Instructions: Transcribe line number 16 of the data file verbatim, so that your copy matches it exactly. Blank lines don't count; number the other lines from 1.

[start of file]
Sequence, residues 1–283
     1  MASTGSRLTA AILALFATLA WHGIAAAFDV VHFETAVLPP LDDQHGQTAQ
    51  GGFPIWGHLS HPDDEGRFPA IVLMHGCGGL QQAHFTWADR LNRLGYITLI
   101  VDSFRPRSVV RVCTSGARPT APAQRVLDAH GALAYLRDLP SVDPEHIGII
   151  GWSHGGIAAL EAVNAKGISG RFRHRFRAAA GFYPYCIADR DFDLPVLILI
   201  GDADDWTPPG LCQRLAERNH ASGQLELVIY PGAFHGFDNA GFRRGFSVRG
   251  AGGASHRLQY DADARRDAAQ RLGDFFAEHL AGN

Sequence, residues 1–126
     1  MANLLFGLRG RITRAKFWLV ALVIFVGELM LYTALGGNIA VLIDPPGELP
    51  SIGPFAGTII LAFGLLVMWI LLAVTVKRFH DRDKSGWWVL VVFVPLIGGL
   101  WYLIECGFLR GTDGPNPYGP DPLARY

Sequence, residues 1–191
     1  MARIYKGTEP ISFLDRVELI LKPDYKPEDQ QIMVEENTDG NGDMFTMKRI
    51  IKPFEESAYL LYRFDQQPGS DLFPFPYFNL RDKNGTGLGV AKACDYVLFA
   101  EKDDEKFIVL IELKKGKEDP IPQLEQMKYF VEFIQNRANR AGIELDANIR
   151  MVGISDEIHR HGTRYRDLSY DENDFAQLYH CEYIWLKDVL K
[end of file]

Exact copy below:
   151  MVGISDEIHR HGTRYRDLSY DENDFAQLYH CEYIWLKDVL K